Zuckerberg president
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After Trump, Zuck? A ridiculous idea, or terribly disturbing?

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Already at the beginning of the year, UP' Magazine was interested in a series of big maneuvers that were shaking up the Facebook empire and more particularly its young but nonetheless multi-billionaire president, Mark Zuckerberg. There were several signs of his ambition to become the next president of the United States. Signs that have multiplied in recent months. After a real estate tycoon, will America have a social networking tycoon at its head? A ridiculous idea or a terribly worrying one?
 
Chat's such a fancy idea? Could Mark Zuckerberg, after Trump, be President of the United States? In a world where artificial intelligence is spreading everywhere, where data is the sinews of war, the Facebook boss is no more illegitimate than a "small" real estate billionaire. He already governs a country of more than one and a half billion souls: his social network. Already, he is received as a head of state in every corner of the planet. Already his societal, economic and editorial decisions represent an unprecedented impact and political weight. So Zuck President? Yes, it's possible.
 
Revolutionizing public policy is an idea that has been on Mark Zuckerberg's mind for some time. Already in 2015, Wikileaks revealed the Facebook boss's political dreams. An email to John Podesta, Hillary Clinton's campaign manager and former White House chief of staff, requested an interview. The letter, signed by Sheryl Sandberg, Facebook's COO, No. 2, contained an eloquent passage: "He [Marck Zuckerberg] is especially willing to meet with anyone who can help him understand how to move the curtain on the public policy issues he cares about. He is interested in meeting people who can contribute to his understanding of the political operations of changing public policy to pursue his social goals (such as immigration, education, and research). »
 
At the beginning of this year, on the occasion of his greetings and the presentation of his "good resolution for 2017", the boss of Facebook wrote that his "challenge" for 2017 will be "to reach out to people in every state in the United States. A resolution that had the appearance of a pre-election campaign. All it took was for him toUSA Today headline: " Is Mark Zuckerberg considering running for the White House? »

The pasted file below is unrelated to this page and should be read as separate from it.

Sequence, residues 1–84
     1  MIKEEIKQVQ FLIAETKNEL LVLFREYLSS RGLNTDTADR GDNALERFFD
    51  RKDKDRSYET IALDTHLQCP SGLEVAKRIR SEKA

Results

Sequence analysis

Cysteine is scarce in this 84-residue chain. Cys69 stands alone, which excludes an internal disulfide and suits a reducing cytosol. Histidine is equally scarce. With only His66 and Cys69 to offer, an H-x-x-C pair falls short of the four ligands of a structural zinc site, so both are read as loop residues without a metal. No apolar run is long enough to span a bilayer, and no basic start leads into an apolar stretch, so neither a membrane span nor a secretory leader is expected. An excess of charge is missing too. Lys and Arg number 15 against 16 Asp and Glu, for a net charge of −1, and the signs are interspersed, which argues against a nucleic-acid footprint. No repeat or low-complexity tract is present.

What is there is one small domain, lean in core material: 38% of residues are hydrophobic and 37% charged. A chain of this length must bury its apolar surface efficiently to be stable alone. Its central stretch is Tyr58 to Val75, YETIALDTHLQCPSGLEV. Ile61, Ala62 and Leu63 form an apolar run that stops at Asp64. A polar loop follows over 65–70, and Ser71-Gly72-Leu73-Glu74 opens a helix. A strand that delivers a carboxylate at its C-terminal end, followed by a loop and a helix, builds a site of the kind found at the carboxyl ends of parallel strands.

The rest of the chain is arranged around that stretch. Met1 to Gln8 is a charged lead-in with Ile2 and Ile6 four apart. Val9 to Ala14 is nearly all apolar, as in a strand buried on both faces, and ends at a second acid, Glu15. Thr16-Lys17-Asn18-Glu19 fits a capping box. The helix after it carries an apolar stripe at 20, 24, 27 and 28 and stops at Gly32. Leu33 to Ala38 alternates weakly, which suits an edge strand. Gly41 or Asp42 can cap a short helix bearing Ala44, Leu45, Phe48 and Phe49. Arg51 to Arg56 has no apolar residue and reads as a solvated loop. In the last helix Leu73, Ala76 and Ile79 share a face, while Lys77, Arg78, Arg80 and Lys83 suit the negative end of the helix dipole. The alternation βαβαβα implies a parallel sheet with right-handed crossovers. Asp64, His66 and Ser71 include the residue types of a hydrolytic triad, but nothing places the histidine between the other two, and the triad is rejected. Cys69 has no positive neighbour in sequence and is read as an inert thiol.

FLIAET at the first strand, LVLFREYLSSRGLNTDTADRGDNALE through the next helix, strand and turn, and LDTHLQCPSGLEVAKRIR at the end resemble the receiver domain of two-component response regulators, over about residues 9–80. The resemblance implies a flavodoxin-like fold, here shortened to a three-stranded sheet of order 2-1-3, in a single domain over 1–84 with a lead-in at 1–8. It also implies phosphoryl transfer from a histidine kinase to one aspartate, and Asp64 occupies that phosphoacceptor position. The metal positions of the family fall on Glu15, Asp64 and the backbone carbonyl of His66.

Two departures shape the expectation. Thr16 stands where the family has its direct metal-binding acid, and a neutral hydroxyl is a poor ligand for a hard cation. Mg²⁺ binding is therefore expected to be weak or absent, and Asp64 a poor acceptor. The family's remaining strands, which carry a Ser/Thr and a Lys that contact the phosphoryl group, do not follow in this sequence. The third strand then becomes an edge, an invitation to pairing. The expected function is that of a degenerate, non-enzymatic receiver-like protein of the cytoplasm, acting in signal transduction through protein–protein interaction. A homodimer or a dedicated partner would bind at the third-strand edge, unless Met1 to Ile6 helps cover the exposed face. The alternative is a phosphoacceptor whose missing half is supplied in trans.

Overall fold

It is true that the question deserves to be asked. Mark Zuckerberg is increasingly stepping out of his role as Silicon Valley's big boss. He's finding every opportunity to multiply the political rhetoric. One of the most unexpected was the one he gave at the Harvard graduation last May. He himself did not graduate from the prestigious university, but was nevertheless received there as a prince. His speech This resolutely political approach addresses all the themes that could form the basis of an electoral programme: universal income, health insurance reform, criticism of Trump's anti-immigration policy, the effects of globalisation, etc.
 
Mark Zuckerberg's speech at Harvard in its entirety
 
Another sign of Zuckerberg's ambition is this idea to travel all 50 states of the United States to unofficially speak the good word, and officially listen to Americans. A willingness, clearly displayed on his Facebook page dedicated, meet people, see how they live and work. A road trip highly mediatized: no less than eight assistants and photographers to accompany him. And every day, his harvest of pictures: Zuck at the farm, Zuck at the factory, Zuck at school, etc.